It's not such a daft question. LIZ BESTIC on the celebrity donations that are helping jobless women get back to work
You've found the job of your dreams. Better still the letter has arrived inviting you to an interview. Panic sets in. You peer in the wardrobe at all those tired old outfits you have worn to every job interview you have ever had and your heart sinks. You know that first impressions really count, that it's time to turn the piggy bank upside down and blow the lot on a brand new suit. Even before you have bought it you feel better, more confident, more self-possessed.

Now imagine you are living on the streets, or in a shelter for battered women, or even in prison. You can't afford a cup of coffee, let alone a new outfit for an interview. Without work you can't afford a suit and without a decent suit you will never find a job. It's a catch-22 situation.

It is a dilemma that came to preoccupy one young American law graduate. Twenty-seven-year old Nancy Lublin came from a nice middle-class family. A high achiever, she won a scholarship to study in Japan. She graduated with a politics degree, then worked for women's rights in London and South Africa. Money was never a problem. But the day she inherited a small amount of money from her great-grandfather, Nancy realised her destiny was not in law.

"I felt like this money wasn't really mine," she says. "It was also so important for me to use it in a way that was worthy of his memory." Her great-grandfather was a Polish immigrant who stowed away on a ship to New York and slept under Brooklyn Bridge. He found work peddling household goods and clothes from a pushcart. "He let people pay what they could afford to pay," says Nancy. "He had faith in people to repay him and they did. He also passed on the belief that when life smiles on you you should share your good fortune."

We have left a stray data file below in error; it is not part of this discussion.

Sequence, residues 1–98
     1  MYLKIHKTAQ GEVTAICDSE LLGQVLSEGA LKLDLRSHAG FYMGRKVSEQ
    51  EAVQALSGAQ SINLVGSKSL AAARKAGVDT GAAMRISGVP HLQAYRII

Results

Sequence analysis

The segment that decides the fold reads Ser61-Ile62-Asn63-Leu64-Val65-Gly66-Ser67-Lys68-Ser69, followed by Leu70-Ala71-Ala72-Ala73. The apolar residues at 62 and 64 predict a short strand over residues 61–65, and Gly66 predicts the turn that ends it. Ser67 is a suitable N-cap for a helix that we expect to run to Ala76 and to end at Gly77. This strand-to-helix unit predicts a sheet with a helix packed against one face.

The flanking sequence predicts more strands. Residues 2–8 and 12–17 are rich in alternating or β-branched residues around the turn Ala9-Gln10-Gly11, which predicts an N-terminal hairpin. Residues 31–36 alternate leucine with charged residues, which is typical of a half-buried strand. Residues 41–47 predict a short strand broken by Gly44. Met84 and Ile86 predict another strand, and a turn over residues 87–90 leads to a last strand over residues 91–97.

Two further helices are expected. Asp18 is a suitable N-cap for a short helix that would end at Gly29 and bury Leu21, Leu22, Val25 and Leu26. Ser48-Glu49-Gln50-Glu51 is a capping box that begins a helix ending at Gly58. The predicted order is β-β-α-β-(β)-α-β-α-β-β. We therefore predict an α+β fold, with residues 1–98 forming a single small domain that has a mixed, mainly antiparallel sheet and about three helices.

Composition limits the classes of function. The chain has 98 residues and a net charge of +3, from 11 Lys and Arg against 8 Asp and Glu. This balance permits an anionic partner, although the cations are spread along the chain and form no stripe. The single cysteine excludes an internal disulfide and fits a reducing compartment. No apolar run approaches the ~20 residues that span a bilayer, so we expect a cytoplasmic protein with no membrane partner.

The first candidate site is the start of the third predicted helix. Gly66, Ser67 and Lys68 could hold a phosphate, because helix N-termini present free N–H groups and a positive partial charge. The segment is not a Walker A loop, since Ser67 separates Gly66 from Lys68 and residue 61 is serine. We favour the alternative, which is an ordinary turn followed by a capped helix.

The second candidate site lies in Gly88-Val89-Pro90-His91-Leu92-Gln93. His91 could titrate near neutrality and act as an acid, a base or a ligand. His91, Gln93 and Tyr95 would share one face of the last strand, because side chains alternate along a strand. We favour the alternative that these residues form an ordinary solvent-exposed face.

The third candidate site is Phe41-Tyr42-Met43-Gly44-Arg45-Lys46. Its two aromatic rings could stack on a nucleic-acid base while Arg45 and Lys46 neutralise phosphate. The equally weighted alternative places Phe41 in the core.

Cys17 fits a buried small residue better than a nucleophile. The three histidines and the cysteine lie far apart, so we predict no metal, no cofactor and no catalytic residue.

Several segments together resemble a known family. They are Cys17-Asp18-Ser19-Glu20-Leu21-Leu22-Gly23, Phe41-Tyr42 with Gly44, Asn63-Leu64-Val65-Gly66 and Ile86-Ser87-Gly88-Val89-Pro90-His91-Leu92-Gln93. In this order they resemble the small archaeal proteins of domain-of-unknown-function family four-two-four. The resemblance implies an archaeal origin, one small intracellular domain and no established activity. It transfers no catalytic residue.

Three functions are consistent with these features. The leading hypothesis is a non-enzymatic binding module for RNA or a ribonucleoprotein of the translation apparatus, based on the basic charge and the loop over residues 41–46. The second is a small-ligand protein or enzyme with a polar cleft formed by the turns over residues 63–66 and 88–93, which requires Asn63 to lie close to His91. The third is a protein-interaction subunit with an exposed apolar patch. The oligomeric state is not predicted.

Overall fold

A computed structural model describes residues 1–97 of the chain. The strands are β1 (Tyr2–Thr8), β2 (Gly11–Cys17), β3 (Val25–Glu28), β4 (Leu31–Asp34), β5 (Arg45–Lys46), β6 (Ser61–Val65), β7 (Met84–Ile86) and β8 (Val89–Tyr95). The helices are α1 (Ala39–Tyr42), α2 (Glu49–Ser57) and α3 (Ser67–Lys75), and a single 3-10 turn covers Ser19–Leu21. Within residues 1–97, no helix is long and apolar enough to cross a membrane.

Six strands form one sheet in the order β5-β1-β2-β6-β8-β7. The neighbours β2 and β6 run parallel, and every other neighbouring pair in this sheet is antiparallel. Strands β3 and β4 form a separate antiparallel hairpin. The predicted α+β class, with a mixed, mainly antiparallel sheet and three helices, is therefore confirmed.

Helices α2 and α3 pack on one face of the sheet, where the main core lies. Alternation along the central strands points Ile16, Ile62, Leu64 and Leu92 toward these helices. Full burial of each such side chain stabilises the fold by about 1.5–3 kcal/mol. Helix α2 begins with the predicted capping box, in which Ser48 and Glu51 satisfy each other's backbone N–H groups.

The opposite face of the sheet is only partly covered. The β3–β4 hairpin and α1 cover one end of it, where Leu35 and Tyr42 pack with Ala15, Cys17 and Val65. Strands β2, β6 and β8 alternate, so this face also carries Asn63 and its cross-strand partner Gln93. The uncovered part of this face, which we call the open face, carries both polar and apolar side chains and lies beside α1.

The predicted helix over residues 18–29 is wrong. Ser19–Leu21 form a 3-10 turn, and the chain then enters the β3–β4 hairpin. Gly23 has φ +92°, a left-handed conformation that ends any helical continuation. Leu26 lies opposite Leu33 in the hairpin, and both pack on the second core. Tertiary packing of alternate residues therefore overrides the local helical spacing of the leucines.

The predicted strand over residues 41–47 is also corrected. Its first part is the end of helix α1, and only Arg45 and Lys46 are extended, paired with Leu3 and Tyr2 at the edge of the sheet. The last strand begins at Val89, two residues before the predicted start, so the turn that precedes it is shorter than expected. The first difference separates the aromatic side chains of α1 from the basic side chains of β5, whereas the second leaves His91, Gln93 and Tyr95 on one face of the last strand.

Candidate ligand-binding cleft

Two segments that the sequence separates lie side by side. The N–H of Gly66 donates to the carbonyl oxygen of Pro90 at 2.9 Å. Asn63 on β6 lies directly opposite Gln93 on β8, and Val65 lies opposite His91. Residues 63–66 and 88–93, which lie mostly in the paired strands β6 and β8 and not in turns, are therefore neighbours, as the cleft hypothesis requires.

Working on the basis that you can't pull yourself up by your bootstraps if you don't have boots, Nancy used her small inheritance to set up Dress for Success, an agency that gives needy women a chance to get a job by providing good-looking clothes to wear to their job interviews. She cajoled generous women she knew to donate spotless business clothes; she asked for donations of new suits, handbags, make-up and shoes from designers. "I knew what it was like for me to get dressed up for a job interview but I could only imagine what it was like for a woman desperate for work, maybe coming from a homeless shelter, a prison or even another country with just the rags on her back," she says.

Nancy used her contacts shamelessly to further her mission.

Celebrities like Gloria Steinem and Oprah Winfrey who had heard of her work were persuaded to "clear out their closets". When she came to Britain last year, she even met up with Cherie Blair and asked her to donate her hardly worn suits. Later she found that ordinary women were also happy to oblige.

Dress for Success started off in a tiny basement in a church in Greenwich Village, New York. "The idea is not about handouts or rewards or charity, although these women do not have to pay a cent for their new suits," says Nancy. Women are referred from agencies such as domestic violence shelters, literacy programmes or immigrant support groups. Each client is assigned a volunteer personal shopper who helps her to choose her outfit, accessories and jewellery. Nancy and her business partner, Holly Rosenthal, look for clothes that are in good condition - no coffee stains, no tears.

Their first client was a woman who had been in prison for killing her abusive husband. Since then the organisation has fitted out women from many different backgrounds: an ex-junkie who had never worn a skirt in her life, a Russian immigrant who arrived in the US with just the clothes she stood up in. To date Dress for Success has helped at least 20,000 disadvantaged women in more than 50 cities across America. Holly will open their first outlet in London this month.